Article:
The Art of Golf: Putting

The Art of Golf: Putting

 
By: Nick Bockenfeld, PGA
⌚14 Minute Read

Introduction

Golf is a really, really hard sport, and each part of golf is an art in and of itself. Hitting drives is an art form in itself, for example, just watch Rory hit driver, it's an art form, and he is the best at it right now. If you want an example of the art of putting, well, Cam Smith at the Open Championship was a freaking putting machine, but it goes deeper than that. What Cam did during the open was pure art. He was making putts from everywhere. He made it look like the hole was 2 feet in Diameter while everyone else was putting at a regular hole. This made all the difference in the world. This is what stole the Open from Rory. I remember seeing a tweet from No Laying Up, saying if Rory took care of certain holes, Cam Smith would need to go 7 under on the last 13 holes to win, well, he made everything he looked at. Yes, he hit it close a bunch, but on 17, not a soul alive thought he could get that up and down from where he was, but he did. It let him go on to shoot 20 under in a Major Championship. So let's talk about how you can get better at putting.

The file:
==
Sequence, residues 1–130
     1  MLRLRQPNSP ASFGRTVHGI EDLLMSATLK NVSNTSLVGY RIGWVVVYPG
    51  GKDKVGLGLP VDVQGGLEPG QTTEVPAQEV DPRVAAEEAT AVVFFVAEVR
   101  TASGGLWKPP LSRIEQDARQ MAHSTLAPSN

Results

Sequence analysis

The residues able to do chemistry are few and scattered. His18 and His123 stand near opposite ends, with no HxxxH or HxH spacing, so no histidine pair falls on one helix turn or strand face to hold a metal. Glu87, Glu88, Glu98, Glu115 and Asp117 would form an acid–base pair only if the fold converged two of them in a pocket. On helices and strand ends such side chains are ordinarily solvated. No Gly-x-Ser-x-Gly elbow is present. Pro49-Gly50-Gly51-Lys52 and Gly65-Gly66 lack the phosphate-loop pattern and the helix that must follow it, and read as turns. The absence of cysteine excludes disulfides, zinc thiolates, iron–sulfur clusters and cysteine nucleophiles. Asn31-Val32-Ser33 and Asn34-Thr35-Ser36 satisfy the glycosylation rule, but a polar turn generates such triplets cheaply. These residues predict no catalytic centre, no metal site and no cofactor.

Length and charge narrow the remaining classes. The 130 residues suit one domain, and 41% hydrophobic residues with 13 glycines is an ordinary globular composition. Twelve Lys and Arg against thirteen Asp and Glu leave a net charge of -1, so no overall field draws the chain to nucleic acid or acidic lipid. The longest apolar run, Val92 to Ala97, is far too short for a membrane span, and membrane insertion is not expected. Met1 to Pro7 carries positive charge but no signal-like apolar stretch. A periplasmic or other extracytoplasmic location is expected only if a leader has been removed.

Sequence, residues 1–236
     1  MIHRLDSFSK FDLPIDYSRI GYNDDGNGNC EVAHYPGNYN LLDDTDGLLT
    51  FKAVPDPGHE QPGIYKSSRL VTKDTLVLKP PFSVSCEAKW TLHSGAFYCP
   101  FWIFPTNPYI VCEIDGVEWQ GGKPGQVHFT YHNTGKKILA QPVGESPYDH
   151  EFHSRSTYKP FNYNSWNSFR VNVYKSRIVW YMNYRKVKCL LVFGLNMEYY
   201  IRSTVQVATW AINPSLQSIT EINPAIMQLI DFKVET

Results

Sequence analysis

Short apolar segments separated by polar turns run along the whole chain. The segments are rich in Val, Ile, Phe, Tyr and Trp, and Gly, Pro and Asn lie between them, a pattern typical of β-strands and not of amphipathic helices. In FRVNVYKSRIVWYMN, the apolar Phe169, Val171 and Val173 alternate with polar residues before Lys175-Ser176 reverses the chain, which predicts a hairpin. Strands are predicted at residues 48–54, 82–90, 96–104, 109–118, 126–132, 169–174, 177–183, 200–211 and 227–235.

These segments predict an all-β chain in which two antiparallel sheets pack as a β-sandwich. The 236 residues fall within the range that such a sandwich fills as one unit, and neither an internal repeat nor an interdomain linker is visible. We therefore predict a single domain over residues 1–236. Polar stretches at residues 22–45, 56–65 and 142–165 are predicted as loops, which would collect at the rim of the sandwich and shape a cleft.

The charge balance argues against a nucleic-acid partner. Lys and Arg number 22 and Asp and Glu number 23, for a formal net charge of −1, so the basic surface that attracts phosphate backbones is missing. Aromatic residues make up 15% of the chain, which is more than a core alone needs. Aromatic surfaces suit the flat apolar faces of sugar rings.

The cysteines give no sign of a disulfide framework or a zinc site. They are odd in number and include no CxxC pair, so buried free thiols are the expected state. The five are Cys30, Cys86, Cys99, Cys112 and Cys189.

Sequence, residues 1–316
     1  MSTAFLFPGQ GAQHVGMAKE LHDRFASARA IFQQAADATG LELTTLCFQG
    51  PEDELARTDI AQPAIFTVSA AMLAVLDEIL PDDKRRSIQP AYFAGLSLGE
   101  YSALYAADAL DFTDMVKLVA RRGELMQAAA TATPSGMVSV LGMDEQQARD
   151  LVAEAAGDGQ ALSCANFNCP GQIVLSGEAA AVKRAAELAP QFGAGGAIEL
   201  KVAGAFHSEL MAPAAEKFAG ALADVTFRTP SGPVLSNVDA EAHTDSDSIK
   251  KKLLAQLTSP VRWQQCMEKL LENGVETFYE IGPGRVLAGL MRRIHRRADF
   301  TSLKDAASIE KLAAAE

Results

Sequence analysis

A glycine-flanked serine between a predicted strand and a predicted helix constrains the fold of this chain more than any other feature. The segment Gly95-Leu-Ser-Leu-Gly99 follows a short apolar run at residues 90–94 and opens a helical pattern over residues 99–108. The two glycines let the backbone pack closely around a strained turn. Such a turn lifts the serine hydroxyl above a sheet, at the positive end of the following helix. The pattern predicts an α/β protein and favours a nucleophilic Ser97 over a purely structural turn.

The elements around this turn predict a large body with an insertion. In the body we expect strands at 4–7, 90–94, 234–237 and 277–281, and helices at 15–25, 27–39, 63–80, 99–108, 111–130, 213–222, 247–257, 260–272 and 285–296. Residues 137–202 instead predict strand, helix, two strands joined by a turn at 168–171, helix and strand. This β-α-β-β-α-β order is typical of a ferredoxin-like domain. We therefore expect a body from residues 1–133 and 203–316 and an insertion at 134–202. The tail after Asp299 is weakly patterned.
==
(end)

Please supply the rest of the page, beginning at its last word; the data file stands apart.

The Tool

Let's talk first about putters. What putter you use will influence how you set up, what kind of arc you should use, and your stroke. Or all of those should influence what putter you use but say you already have a putter and you don’t want to buy another one; we can help there. So the first thing to note is the balance of the face. Pick your putter up, and balance it face up on your finger. Note if the face stays pointing up, that means the putter is face-balanced, depending on how much the toe hangs is, of course, how much hand that putter has. Think of it in degrees. Now with a face-balanced putter, your arc needs to be a lot more straight back straight through. The more toe hangs, the more arc you need in order to bring it through square every time. I have trouble putting with anything more than 45 degrees of toe hang. I love putting with face balanced putter. Being able to bring the putter straight back straight through my line is something I find incredibly helpful. You can modify your arc slightly by changing where your head is over the ball. If you're leaning over the putter and your eyes are directly over the ball, then it will help you putt more straight back straight through. Whereas if your eyes are over the heel of the putter, you will generally have more arc in your stroke. Now, if you have a modern putter, you probably have from 1 degree to 4 degrees of the loft; based on that, your stroke needs to be a little different; old putters might have up to 8 degrees of loft because they wanted to lift the ball up a little at the start. Now it might cause you to skip or skid a ball. If you have ever noticed your ball jumps up to start you may have too much loft on your putter. Change that, and you will have it rolling smoothly!